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One farmer weighs pros and cons of wind turbines

Matt Martin/WSKG

Wind turbine company NextEra Energy is considering whether to build a $200 million wind energy project in the town of Catlin in Chemung County. The town board is finalizing the details of a new zoning law that will allow the project to move forward. So local farmers are weighing whether or not to allow the turbines on their property.

It’s a windy day as Dan Teed makes his way up the side of a gravel road. Tall, twirling turbines stand like sentinels on the crest of the hill.

Teed is on a mission. He’s at the Howard Wind Project in Steuben County. He wants to hear the noise from the spinning blades for himself.

“One person said that the tips of the wings are actually traveling at 125 miles an hour,” says Teed.

Dan stands under a single turbine in the middle of an empty field surrounded by a grove of trees. Shadows flicker on the grass with each pass of the blades.

Dan isn't sure what he thinks about the turbines.

"It’s a little scary that you got that much material in the air over you turning and rotating. And there’s no doubt from where they’re talking about putting it, any place on the farm you’ll be able to hear them,” says Teed.

NextEra Energy wants to place a turbine on Teed’s farm as part their proposed project in Catlin.  He wanted to see and hear one in-person before he signs any agreement with the company.

Last May, town officials passed a one-year moratorium on wind farm projects. They spent the past year working on regulations for any project that would be built.

And last month, they extended the moratorium until November. Charlie Tinker, Catlin’s head of planning, explains that creating the zoning ordinance is a delicate process.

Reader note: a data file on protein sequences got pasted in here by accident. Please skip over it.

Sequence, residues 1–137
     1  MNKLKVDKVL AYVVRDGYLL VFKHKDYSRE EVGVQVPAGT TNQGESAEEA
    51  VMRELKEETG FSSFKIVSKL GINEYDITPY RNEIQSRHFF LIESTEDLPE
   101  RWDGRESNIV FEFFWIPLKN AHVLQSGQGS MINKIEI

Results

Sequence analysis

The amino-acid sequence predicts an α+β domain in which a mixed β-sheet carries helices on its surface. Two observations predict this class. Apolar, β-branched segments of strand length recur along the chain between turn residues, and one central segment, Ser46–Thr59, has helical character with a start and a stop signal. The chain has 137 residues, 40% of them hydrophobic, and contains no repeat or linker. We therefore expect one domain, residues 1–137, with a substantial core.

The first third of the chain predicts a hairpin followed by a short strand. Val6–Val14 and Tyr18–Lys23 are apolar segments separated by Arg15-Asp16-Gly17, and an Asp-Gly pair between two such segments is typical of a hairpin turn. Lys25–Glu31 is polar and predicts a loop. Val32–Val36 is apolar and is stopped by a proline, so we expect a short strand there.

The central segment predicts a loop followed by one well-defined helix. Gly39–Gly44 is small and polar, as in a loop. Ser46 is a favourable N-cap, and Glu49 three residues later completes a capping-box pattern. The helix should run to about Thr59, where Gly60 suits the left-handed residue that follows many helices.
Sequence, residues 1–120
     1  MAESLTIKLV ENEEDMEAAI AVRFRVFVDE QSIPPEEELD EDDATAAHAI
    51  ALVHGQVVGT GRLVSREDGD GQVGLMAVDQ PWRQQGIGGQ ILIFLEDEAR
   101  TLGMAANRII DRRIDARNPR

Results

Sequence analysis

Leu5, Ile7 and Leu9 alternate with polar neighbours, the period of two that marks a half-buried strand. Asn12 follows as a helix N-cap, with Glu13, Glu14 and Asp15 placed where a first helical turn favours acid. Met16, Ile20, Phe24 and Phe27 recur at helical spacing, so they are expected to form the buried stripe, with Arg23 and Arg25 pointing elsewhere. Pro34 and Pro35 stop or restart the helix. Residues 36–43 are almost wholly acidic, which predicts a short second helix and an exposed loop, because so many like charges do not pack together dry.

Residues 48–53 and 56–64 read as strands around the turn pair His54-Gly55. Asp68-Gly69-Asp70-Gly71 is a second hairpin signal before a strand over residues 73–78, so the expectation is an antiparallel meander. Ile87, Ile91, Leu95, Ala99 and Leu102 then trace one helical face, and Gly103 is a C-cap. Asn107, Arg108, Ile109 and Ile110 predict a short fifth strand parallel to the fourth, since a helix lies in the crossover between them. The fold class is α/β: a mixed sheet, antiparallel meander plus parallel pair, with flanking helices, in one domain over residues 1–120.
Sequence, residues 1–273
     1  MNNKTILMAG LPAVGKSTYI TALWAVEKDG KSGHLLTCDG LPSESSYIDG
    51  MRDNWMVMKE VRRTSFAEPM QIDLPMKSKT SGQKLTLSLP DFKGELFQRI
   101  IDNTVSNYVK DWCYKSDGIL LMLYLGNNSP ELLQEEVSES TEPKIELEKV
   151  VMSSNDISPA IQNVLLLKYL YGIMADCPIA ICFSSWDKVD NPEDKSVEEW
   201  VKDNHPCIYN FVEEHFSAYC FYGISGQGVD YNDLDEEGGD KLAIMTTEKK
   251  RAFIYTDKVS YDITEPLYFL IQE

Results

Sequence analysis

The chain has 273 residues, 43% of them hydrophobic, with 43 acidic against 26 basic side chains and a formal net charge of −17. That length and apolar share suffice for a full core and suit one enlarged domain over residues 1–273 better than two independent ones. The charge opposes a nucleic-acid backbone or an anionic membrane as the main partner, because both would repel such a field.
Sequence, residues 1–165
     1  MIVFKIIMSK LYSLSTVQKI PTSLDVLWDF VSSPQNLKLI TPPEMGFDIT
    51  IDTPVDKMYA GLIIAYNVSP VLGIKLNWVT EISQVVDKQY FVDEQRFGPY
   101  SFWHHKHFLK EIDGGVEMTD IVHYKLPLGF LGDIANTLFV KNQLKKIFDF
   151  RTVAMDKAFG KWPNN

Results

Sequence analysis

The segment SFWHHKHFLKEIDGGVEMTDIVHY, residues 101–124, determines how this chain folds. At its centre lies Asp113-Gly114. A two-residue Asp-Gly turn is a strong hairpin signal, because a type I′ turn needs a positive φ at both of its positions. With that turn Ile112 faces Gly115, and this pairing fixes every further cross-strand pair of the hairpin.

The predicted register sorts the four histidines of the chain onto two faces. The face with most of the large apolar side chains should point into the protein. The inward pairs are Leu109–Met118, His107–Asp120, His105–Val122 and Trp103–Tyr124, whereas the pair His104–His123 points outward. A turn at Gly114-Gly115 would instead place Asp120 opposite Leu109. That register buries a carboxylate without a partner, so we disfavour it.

“Right at this point in time we are still reviewing the ordinance that the planning board has presented to us,” says Tinker.

Before NextEra Energy can apply with the state to create the farm, Catlin has to have a zoning law in place. That’s what Tinker and the rest of the town board are working on now. For projects, like the one in Catlin, that produce more than 25 megawatts, the state can make any changes it deems necessary to the wind ordinance.

“The state has certain regulations that they have to abide by,” says Tinker.

Under Article X of the state's Public Service Law, the energy company can ask the state to change any parts of a local ordinance governing wind projects that they see as too burdensome or don’t match up to similar laws in other places.

The Catlin ordinance currently states that any turbine has to be 1,700 feet away from any structure. Other wind farm ordinances in the state have a 1,000 to 1,200 foot setback.

Tinker won’t comment on if he thought that part of their law would be changed.

“We’ll just have to wait until to go through Article X to see the response,” says Tinker.

Back on the hillside, Dan Teed discusses the noise with his daughter Sarah. The Teed’s farm isn’t far from Watkins Glen International raceway. And so Sarah isn’t very concerned about the noise from the turbines.

“Its not much different than hearing the race cars up on the track. The track is louder,” says Sarah.

Her father agrees.

“So this would be nothing different. It just might be a little bit more,” says Sarah.

Teed walks back down the hill still not sure if he’ll sign a lease with NextEra or not. He has at least a few more months to make up his mind.